20 Great Questions To Ask When Choosing a Career
Choosing a career is the most significant investment of your life and time that you will make. The selection of a career field obviously will determine what you will be doing during this time, what kind of life-style you will enjoy, and your level of fulfillment. However few will select a career field and stay with it for their entire adult lives. The average person graduating from college today will have four separate careers and several jobs with each career. As a result, your criteria for career selection will be very important to you. Choose wisely! Here are some questions to ask that may help. – Bobb Biehl, The Questions Book, p.41.
(1) What contribution would I like to make to others? No amount of money will offset a career that is not fulfilling. You will be most fulfilled when you know you are in a career that makes a contribution to society and you know your efforts are important to that contribution.
(2) Do I have the proper training to make that contribution? Find out the education and training needed to be an asset to the career field you are considering. In a time of rapid technological change, continuing education will likely be significant to you.
(3) Am I prepared to pay the price the career will demand of me? This question is not simple. You must ask yourself what kind of time and emotional energy will be required in light of your commitment to non work responsibilities.
(4) What is the work environment that allows me to do my best? Do you like working inside or outside? Do you like a fast pace or a slower, more steady routine? Do you like change or predictability?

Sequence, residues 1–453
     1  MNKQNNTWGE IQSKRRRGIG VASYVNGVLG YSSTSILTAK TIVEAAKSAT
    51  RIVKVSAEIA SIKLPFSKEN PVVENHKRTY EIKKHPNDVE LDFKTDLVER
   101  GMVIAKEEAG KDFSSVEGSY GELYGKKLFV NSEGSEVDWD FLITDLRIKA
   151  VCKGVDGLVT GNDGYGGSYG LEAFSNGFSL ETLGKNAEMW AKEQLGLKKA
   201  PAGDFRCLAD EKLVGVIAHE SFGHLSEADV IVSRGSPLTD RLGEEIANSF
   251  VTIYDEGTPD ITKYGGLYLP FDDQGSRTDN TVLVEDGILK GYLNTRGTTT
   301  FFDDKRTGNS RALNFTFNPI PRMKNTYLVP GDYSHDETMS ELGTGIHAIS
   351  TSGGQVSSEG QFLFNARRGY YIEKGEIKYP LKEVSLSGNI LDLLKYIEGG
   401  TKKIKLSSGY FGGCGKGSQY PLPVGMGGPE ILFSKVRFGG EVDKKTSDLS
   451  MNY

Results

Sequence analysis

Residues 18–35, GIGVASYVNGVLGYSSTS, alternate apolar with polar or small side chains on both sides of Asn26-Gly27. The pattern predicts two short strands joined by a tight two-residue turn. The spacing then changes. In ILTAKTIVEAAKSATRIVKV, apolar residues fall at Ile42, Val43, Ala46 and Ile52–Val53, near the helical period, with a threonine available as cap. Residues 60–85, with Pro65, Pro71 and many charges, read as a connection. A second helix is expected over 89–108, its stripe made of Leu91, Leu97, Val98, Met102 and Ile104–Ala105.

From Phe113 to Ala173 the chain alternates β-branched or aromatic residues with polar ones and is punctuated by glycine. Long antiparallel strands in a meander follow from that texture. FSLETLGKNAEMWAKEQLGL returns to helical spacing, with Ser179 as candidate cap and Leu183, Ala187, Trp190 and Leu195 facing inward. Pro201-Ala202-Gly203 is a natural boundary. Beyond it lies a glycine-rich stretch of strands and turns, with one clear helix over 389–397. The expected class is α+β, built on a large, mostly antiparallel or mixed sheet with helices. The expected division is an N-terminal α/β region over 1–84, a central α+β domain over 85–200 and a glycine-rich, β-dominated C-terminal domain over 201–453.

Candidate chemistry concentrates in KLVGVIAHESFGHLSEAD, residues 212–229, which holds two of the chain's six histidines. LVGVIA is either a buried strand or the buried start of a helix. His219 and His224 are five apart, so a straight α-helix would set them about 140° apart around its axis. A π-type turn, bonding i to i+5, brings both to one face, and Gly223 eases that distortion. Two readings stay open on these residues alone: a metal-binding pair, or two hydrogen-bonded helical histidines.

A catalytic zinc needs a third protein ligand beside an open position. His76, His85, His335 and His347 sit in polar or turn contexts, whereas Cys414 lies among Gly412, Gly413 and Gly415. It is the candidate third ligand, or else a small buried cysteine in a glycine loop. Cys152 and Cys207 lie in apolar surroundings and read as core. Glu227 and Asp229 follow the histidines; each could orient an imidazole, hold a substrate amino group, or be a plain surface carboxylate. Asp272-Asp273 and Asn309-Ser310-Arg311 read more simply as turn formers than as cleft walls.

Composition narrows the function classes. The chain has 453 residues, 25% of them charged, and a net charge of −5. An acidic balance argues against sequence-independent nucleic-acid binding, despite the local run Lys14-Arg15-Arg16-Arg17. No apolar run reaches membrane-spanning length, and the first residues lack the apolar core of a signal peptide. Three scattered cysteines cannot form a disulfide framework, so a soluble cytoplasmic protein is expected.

(5) Where will I be in this job in ten years? Picture your position, your income, and your responsibility ten years from now. Would you be content with what you envision?
(6) Will a person I respect in the career be willing to talk to me about it? Look for someone with gray hair in the career or company you are interested in. The person can provide a wealth of wisdom about what you would be expected to do and what the career might hold for you. Find out the good and the bad. Every job has both.
(7) What would the ideal boss look like? Do you need structure, or do you need lots of freedom? Can you work with a boss who is fairly autocratic, or do you need a more participative style of leadership from your supervisor? Should you be on your own?
(8) What are the ethical challenges I will face? To find this out, you need to talk to an ethical person in the prospective career field. The more you can find out ahead of time, the better you can prepare yourself to keep your integrity.
(9) What is the reputation of the company I’m interested in? Go to the library [internet] and get help in researching articles and information about the company. Find out its reputation among the critics.
(10) What is the market for the product the company offers? Some products have a short-lived life span. Some high-tech companies have products that can become obsolescent in a few years. Your future is tied to the company, so know something about its future.
Other Questions to Consider
(11) Do I need to have increasing levels of responsibility to be happy?
(12) What kind of people will I be working with?
(13) What would an average day look like in this career?
(14) What kind of non work life will I have?
(15) How much travel would I be comfortable with?
(16) Am I open to moving around the country?
(17) What are the annual sales of the company over the last few years?
(18) In what ways will my job challenge me?
(19) What weaknesses could hinder me in this job?
(20) What strengths would make me an asset to this company and career?
Doug Sherman is founder of Career Impact Ministries, a Christian organization that helps business people integrate their faith and vocation. Mr. Sherman’s career started with service in the Air Force Academy and followed with a degree from Dallas Theological Seminary. He is the author of several helpful books on your vocation including: More Than Ordinary: Enjoying Life with God; How to Succeed Where It Really Counts; Keeping Your Head Up When Your Job’s Got You Down and Your Work Matters to God & How to Balance Time Demands (co-authored with William Hendricks).